Troy A. LeMaile-Stovall

How Maryland can take a lesson from Superman and Popeye to move forward

Growing up, options from only six television channels framed my world. That framing introduced me to two characters who provide an allegory for economic development efforts in Maryland: Popeye the Sailor man (Popeye) and Superman – a comic book character originally created by Jerry Siegel and Joe Shuster. They are associated with “Spinach and Kryptonite;” one gives super strength to a simple being while the other cripples the strongest of the strong.

Popeye was a one-eye animated character (originally created by Elzie Crisler Segar) who would eat his always seemingly available can of spinach that gave him superhuman abilities. When eating the spinach, he would almost always say “I am strong to the finish, ’cause I eats my spinach” – his spinach eating didn’t give him speech powers. The point? Digesting spinach transformed him from a simple one-eyed sailor man to a simple one-eyed superhuman sailor man.

Superman’s name says it all; he’s a super “man” (technically not a human). Kal-El is the last son of the planet Krypton – a planet that exploded after he was flown to safety. The fragments (stones) from that planet cause his “super” to weaken into just a man. And for our comic book lovers, I am focused on green kryptonite; I am aware there are other forms of kryptonite that have different effects on Kal-El.

So, we have a small can (16 ounces) of spinach that gives superpowers and a small stone capable of stealing superpowers. I believe we all have our spinach and kryptonite in our personal and professional lives; we all have something that gives us the ability to fight beyond our normal abilities and we each have that small stone that can truly limit or even cripple us. Then at times, that which is spinach can also be kryptonite. This is also true for our ecosystem.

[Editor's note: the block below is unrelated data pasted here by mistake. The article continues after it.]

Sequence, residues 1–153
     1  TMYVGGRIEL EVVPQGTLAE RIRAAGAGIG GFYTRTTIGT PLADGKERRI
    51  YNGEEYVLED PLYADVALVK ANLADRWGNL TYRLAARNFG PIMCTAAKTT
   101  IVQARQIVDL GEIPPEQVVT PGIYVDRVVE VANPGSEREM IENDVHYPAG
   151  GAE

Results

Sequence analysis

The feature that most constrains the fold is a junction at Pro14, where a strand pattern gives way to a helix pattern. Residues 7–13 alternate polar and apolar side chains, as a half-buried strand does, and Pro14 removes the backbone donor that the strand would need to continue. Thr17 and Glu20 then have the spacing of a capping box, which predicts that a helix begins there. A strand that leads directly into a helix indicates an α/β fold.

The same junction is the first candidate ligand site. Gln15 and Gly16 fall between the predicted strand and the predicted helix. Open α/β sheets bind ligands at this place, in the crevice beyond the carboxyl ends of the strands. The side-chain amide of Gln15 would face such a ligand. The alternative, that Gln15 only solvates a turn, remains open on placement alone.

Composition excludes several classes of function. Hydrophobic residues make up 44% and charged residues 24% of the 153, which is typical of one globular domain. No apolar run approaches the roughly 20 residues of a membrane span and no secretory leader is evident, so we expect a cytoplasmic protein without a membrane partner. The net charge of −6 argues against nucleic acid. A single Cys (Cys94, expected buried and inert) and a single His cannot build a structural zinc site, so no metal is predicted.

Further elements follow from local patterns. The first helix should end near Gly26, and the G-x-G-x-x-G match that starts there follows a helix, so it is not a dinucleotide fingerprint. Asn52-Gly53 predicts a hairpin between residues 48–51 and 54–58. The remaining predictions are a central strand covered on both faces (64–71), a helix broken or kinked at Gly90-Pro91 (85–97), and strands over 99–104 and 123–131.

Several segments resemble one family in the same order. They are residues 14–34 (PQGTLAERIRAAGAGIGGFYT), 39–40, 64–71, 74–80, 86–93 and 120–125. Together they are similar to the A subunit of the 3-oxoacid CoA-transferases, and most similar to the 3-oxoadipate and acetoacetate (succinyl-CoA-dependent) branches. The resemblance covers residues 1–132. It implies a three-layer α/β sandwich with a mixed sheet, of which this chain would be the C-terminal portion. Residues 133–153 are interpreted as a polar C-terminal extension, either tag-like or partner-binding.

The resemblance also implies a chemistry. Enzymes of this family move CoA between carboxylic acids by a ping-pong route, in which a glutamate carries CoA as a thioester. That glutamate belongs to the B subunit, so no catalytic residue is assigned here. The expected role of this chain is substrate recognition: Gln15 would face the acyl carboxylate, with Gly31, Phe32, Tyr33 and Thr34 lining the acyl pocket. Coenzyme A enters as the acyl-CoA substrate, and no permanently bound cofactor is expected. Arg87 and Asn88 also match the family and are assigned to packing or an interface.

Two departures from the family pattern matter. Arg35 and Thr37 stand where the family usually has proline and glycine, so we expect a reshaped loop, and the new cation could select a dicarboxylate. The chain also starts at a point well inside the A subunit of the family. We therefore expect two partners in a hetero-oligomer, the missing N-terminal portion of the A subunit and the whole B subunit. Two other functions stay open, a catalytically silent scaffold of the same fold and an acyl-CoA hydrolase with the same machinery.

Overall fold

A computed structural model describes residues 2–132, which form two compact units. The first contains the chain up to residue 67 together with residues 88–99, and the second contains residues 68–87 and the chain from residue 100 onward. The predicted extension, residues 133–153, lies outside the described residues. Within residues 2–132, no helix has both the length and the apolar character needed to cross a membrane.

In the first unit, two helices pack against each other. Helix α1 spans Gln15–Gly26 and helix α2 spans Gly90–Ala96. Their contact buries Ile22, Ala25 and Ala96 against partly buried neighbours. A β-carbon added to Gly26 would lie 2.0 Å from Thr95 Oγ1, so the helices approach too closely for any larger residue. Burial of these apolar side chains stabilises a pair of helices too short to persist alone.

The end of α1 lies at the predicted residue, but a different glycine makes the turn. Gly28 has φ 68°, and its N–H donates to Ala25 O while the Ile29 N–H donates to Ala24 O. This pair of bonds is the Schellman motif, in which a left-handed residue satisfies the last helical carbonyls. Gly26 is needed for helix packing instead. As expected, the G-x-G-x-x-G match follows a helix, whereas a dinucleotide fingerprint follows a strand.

Quoting Maryland Gov. Wes Moore, Maryland is “asset rich.” Maryland has multiple assets or many cans of spinach: federal labs, an educated workforce, cyber, life sciences, low unemployment and research universities – amongst others. But having these resources or cans of spinach has not led to the creation of long-term, sustainable growth – the “superpower” that would make Maryland stand out as a tech hub – making our spinach also our kryptonite.

TEDCO in collaboration with RTI released a Maryland Innovation Competitiveness Study, and one of the key conclusions was that RTI-Keen Point found that Maryland’s … real gross domestic product grew only 1.0% per year from 2011–2022. If this continues, it will have a negative effect on … the state’s overall fiscal health. The high-tech sector …needs (to grow) 3% to 4% per year compared to its past-10-years growth rate of 1.6% per year.

As part of our efforts to launch the Cyber Maryland Program effort at TEDCO, a number of public and private sector leaders visited the Georgia Cyber Center in Augusta, Georgia. Spurred by the relocation of the U.S. Army Cyber Command to Augusta, the Georgia Cyber Center is a 300,000-square-foot, two-building center where federal, state, local, private and entrepreneurial entities have come together to address local, national and international cyber issues. It is also where students from Augusta College are gaining hands-on training and experience. As we were meeting with various groups that day, the consistent question was, “Why are you here given the many resources (cans of spinach) you have in Maryland? We would love to have started with those.”

This visit resonates the remainder of Moore’s quote – that Maryland is “strategy poor.” We need a clear strategy to leverage these assets, and while the governor’s team is developing that plan, my observation after our Georgia visit is that we also lack “hustle.” Oxford Dictionary says hustle is to “force someone to move hurriedly or unceremoniously in a specified direction.” Since we haven’t leveraged our strengths to move in a specific direction, our spinach has become our kryptonite.

We need a catalytic event like the U.S. Army Cyber Command moving to Georgia to create the hustle. I believe that could be making Maryland the home of cyberag – the intersection of cyber and the agricultural supply chain. Ensuring the safety and quality of our food and water from the farm and aquifers to our tables and glasses. Maryland has all the assets to make this our hustle – cyber, life sciences, agtech, autonomous vehicles, quantum, AI, and digital health – to name just a few.

Let’s do this so we can sing Popeye’s song: “We are strong to the finish, ’cause we eats our spinach.” As Maryland becomes a superpower, we can create our own mantra: “Our growth is sustainable ’cause our hustle is attainable.”

Source: Washington Business Journal